[clickToTweet tweet=”‘The traditional security perimeter is becoming increasingly irrelevant…'” quote=”‘The traditional security perimeter is becoming increasingly irrelevant…'”]

When defining security architecture for hybrid and multi-cloud, enterprises should consider the following.

  • Federated Single Sign-On: Using solutions such as F5 APM (Application Policy Manager), organisations can federate user authentication across the internal estate, as well as a range of SaaS, IaaS and PaaS solutions.
  • Endpoint Security: As the endpoint moves with the user, host security becomes vital. New solutions, such as Cylance go beyond traditional anti-virus and anti-malware to provide protection at the host level.
  • Cloud Security: While local internet breakout can provide performance benefits, it also presents a challenge, as security policy can no longer be centralised in a data centre. Solutions like Cisco Umbrella can tackle this problem by applying URL filtering and providing anti-malware at the point of DNS resolution.
  • Anti-DDoS: With ever-larger botnets, the frequency and scale of DDoS attacks are steadily on the rise. When these attacks target Internet circuits, they can impact users’ access to cloud services. The most effective way to protect against DDoS attacks is from within the Internet core, using cloud security services such as F5 Silverline.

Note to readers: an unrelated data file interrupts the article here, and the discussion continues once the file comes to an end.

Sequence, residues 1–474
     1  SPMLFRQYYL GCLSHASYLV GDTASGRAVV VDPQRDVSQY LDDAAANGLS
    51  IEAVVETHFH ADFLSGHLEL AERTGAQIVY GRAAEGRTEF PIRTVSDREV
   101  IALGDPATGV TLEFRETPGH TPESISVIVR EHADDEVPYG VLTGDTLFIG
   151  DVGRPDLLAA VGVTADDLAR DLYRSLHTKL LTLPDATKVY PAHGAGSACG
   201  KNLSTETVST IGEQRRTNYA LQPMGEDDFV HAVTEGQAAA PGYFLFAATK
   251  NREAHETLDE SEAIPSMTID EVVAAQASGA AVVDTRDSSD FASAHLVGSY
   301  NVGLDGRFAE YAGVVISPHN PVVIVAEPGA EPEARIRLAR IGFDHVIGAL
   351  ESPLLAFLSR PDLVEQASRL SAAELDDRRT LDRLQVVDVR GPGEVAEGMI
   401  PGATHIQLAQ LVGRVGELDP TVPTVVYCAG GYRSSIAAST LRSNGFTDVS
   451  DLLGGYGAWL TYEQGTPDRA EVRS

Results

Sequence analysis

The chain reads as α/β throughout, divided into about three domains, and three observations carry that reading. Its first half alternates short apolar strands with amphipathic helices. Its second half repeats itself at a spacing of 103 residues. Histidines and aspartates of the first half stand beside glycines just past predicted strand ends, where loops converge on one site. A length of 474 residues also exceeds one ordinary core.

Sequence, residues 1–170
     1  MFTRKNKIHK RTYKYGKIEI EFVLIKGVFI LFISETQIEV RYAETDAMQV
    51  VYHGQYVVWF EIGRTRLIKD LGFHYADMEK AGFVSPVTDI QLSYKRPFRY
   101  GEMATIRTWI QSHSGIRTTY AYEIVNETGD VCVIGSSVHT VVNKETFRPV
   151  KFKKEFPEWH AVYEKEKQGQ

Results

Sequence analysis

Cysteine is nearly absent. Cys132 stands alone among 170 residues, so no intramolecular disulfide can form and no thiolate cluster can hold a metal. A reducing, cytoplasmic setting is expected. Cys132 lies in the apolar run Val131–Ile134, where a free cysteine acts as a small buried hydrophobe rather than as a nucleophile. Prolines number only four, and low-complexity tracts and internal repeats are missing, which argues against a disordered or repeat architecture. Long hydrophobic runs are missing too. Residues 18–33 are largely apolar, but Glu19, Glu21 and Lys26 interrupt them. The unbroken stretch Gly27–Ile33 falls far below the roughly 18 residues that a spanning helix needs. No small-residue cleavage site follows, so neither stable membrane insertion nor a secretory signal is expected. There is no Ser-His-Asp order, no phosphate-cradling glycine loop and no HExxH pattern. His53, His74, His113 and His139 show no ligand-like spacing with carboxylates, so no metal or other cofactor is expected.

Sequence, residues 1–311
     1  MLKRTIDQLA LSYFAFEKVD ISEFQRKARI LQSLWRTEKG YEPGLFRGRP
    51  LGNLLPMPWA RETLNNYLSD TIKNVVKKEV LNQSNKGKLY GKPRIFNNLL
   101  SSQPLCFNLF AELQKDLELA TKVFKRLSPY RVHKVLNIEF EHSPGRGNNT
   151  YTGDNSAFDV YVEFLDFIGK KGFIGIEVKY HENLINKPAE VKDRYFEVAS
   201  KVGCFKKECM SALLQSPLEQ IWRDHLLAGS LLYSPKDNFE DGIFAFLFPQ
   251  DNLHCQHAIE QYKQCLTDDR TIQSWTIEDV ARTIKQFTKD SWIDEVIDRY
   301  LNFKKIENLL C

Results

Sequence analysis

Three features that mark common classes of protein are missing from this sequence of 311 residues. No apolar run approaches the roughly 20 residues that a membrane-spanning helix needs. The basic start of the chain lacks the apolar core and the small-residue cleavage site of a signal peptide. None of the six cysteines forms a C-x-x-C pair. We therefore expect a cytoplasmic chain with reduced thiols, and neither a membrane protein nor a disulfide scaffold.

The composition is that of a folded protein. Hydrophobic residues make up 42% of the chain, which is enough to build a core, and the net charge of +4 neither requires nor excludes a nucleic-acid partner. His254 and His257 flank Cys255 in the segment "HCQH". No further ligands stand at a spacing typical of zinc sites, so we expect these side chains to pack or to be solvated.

True Private Cloud

Private cloud is a key component part of hybrid and multi-cloud. I have previously written about how only 10% of internal IT workloads represent true private cloud and in fact, most simply provide virtualisation. A true private cloud will also involve infrastructure automation, a user self-service portal and utilisation-based billing.

Below are some technologies that organisations should consider when designing private cloud platforms.

  • Infrastructure APIs (Application Programming Interfaces): APIs enable administrators to programmatically configure infrastructure using orchestration tools or languages such as Python, REST and ANSIBLE.
  • Software Defined Infrastructure (Network, Security, Storage): Software-defined or centralised controller based infrastructures provide a single point of configuration for each component. When combined with northbound APIs, they radically simplify automation within private cloud environments.
  • Orchestration Engines: To fully realise the benefits cloud computing can offer, enterprises need to consider orchestration engines. These products will automate the individual elements of the infrastructure (network, storage and compute), collect infrastructure inventory, provide billing information and in some cases also provide a user self-service portal.
  • DevOps: Enterprises can close the digital skills gap in their organisation through nurturing in-house DevOps skills, giving them the flexibility to customise or even develop custom automation, billing, and frontend self-service tools.

Key Takeaways

Hybrid and Multi-Cloud strategies are not just about public infrastructure. Enterprises must consider the implications for their private environments too. Organisations have to think through their cloud optimised WAN, security beyond the perimeter and private cloud automation\orchestration as part of their Hybrid and Multi-Cloud strategies.